SPOKANE—Washington State University Spokane and the Washington State Arts Commission (WSAC) will be celebrating the newest addition to the State Art Collection on the Riverpoint Campus on September 25. The public ceremony, featuring the artist—Peter Reiquam—is slated for 5 p.m. at the Academic Center, 600 North Riverpoint Boulevard.
“Light Reading” by Reiquam is a lighthearted piece that makes reference to the Riverpoint Library and Academic Center near which it sits. It is an outdoor, open-air reading room for conversation, reflection or contemplation. Sitting atop a textured concrete slab, the artwork features a pair of over-size solid granite armchairs, a fabricated bronze coffee table and two bronze bookcases infilled with lighted, cast-glass books.
“My hope is that this will be a popular gathering place for students, staff and faculty on the Riverpoint Campus,” stated Reiquam.
According to Reiquam, the use of light is the aesthetic, functional, and conceptual key to this project. The books are lit internally so the room—defined by the textured concrete floor—is bathed in a glowing light. Metaphorically, the light emanating from the books is the illumination of knowledge and ideas gained through reading. The radiant books provide a unique light source, making the artwork accessible after dark. The vertical bookcase, as seen from a short distance away, reflects the warmth and luster of the building’s four-story lighted glass entry. The horizontal bookcase, as seen from the granite armchairs, creates a level horizon line across the campus backdrop.
The armchairs are made from dappled green granite called Mountain Green quarried in Jay, New York. The surrounding landscape, as well as the forms and textures of the chair’s neighboring elements are reflected in the stone’s polished surface.
Washington State University Spokane’s Campus Art Committee selected Reiquam from a pool of eligible artists and approved the artist’s proposal for the new artwork. The Campus Art Committee includes local artist Harold Balazs, Nancy Clark Brown, Liz Burroughs, Lanny DeVuono, student Devin Fitzpatrick, Susan Snowdon, and Bruce Thompson.
Art in Public Places Program
Artwork acquired through Washington State’s Art in Public Places Program becomes part of the State Art Collection—a collection of over 4,500 works of art located at state agencies, public schools, and colleges and universities throughout the state. Established by legislation in 1974, the Washington State Arts Commission’s Art in Public Places Program is funded through the state’s capital construction budget. Each time a new state building is built, or when state funding for a building renovation on a college or university campus is over $200,000, one-half of one percent of the state portion of construction costs is used to acquire artwork. Following an established Art in Public Places process, community representatives develop criteria, select artists and review proposals for new artwork. Stewardship of the State Art Collection is shared by the Arts Commission and the agencies where artwork is sited.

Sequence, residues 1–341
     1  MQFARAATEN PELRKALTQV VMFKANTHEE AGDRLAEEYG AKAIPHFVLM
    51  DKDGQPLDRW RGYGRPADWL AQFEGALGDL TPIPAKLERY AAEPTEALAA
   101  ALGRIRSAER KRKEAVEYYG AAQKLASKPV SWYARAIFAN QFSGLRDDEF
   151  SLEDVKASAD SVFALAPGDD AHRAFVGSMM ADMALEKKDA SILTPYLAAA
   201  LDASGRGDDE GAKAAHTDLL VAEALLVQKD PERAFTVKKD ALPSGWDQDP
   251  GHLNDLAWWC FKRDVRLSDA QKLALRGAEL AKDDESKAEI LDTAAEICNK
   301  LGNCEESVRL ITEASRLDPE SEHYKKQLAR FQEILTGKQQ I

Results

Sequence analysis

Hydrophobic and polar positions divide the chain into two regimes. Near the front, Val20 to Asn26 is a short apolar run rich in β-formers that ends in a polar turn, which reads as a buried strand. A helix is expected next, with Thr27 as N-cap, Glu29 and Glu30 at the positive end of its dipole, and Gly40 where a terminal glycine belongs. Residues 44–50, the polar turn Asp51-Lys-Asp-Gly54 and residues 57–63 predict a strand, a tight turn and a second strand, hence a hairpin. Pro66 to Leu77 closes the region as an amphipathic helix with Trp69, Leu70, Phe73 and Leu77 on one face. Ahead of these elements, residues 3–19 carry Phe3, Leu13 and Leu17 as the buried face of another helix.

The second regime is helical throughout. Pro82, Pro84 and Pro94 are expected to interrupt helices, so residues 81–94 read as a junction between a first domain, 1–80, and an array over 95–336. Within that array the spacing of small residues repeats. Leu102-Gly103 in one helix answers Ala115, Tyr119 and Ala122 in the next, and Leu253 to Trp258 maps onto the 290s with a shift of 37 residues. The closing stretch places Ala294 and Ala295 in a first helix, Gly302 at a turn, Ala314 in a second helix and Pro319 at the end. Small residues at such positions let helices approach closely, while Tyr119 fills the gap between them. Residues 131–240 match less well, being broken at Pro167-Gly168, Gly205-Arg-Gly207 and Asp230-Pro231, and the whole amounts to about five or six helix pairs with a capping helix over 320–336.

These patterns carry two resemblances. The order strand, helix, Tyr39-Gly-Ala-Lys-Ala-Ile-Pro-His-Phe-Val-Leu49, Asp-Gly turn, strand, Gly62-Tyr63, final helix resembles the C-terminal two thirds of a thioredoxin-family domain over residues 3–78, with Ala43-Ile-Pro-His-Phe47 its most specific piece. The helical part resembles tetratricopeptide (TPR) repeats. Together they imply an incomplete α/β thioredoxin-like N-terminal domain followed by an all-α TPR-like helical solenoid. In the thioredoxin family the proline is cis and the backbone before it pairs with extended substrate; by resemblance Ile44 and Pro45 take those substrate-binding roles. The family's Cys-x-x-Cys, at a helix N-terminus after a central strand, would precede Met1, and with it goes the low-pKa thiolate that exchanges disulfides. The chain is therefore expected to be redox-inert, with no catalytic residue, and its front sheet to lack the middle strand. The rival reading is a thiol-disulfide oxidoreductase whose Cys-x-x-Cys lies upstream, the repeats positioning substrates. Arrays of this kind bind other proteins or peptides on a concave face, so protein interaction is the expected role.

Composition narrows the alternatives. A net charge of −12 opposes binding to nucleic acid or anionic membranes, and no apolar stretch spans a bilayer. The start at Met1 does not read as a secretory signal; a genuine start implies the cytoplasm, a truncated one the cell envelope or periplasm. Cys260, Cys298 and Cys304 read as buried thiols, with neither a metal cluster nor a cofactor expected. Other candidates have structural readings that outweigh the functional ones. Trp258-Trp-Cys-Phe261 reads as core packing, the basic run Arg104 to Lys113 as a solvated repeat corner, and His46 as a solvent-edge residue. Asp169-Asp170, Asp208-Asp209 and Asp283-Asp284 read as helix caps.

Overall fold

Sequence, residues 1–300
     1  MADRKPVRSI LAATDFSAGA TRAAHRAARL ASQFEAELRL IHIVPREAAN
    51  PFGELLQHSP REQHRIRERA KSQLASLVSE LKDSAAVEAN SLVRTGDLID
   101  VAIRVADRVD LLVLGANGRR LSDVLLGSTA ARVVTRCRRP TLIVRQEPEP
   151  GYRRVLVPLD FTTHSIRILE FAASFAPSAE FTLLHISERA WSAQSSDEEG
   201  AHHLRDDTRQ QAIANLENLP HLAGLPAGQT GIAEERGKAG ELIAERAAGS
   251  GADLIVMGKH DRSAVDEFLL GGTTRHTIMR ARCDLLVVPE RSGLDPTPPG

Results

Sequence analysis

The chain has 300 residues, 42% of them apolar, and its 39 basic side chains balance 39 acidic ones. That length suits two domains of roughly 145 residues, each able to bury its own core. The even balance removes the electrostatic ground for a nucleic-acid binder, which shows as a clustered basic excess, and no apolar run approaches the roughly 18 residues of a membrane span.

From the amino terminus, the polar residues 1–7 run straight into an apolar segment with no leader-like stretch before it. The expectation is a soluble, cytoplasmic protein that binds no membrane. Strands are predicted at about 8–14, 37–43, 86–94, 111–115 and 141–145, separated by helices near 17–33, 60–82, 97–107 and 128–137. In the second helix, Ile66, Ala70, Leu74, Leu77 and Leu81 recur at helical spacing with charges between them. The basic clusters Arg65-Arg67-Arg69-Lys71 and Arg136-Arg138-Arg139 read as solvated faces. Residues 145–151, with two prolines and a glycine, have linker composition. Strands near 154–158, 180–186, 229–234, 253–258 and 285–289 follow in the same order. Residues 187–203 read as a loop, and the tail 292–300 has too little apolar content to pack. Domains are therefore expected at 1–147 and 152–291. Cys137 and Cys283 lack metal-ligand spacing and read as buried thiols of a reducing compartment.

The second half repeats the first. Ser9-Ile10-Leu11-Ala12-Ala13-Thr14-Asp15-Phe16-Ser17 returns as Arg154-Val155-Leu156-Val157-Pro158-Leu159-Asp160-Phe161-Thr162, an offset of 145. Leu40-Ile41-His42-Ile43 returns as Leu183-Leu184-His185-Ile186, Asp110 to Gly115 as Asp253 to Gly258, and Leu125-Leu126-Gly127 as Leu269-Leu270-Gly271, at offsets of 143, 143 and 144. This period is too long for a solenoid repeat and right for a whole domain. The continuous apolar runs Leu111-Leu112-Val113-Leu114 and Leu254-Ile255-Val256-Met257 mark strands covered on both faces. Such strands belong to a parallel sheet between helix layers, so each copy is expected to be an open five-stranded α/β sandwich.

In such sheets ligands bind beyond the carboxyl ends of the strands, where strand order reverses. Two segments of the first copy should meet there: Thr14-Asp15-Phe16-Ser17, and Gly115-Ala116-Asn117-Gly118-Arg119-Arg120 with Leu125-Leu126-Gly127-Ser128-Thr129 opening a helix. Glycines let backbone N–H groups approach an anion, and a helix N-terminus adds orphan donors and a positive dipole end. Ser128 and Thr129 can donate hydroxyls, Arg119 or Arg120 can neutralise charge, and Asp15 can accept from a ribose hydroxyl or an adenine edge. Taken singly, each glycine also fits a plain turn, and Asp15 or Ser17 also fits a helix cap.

About the artist
Reiquam is a Seattle artist whose work ranges from prints and drawings to sculptural furniture, mechanical sculptures and public art projects. He holds a B.F.A. in sculpture from the University of Washington and an M.F.A. in sculpture from Yale University. He was previously employed as the head technician and head of the Sculpture Department at Pratt Fine Arts Center. In addition, Reiquam served as a commissioner on the King County Public Art Commission (now 4Culture). He has taught sculpture at Pratt Fine Arts Center, Cornish College of the Arts and the University of Washington School of Art. He recently joined a group of Seattle area artists in a new public art mentorship program at the City of Seattle’s Office of Arts and Cultural Affairs to assist emerging artists in the development of their first public art projects. In addition to the production of his own artwork, Reiquam’s business, New Art Projects Company specializes in the fabrication and installation of the work of a variety of architects, designers and other artists.
Notes on the elements of “Light Reading”
· The stone armchairs were built to design specifications by Cold Spring Granite Company in Cold Spring, Minnesota, and installed by a local Spokane firm, Tresko Monument and Washington Stone. Dick Tresko and his crew did an expert job of placing the furniture with care and grace, especially considering each piece weighs approximately 3,000 pounds.
· The glass books were cast in a Seattle studio called Totally Blown Glass. Dehanna Jones, Jackie Mendelson and Kelly McLain lent their expertise to a difficult and delicate task. The glass was cast in a graphite mold produced by Kurt Nordquist of Davinci’s Workshop in Burien, Washington.
· Bob Teeple, a Seattle artist who specializes in animated electronic LED artworks made the lighted circuit boards that provide the glass books with their blue glow.
· Ed Garmon and his crew from Garmon Concrete Construction in Spokane poured the concrete slab and invented a modified trowel for creating the “carpet” texture.
· Reiquam fabricated all of the bronze furniture pieces in his studio in Seattle and trucked them to Spokane where he and Chuck Meyer spent three days assembling the various parts to create “Light Reading.”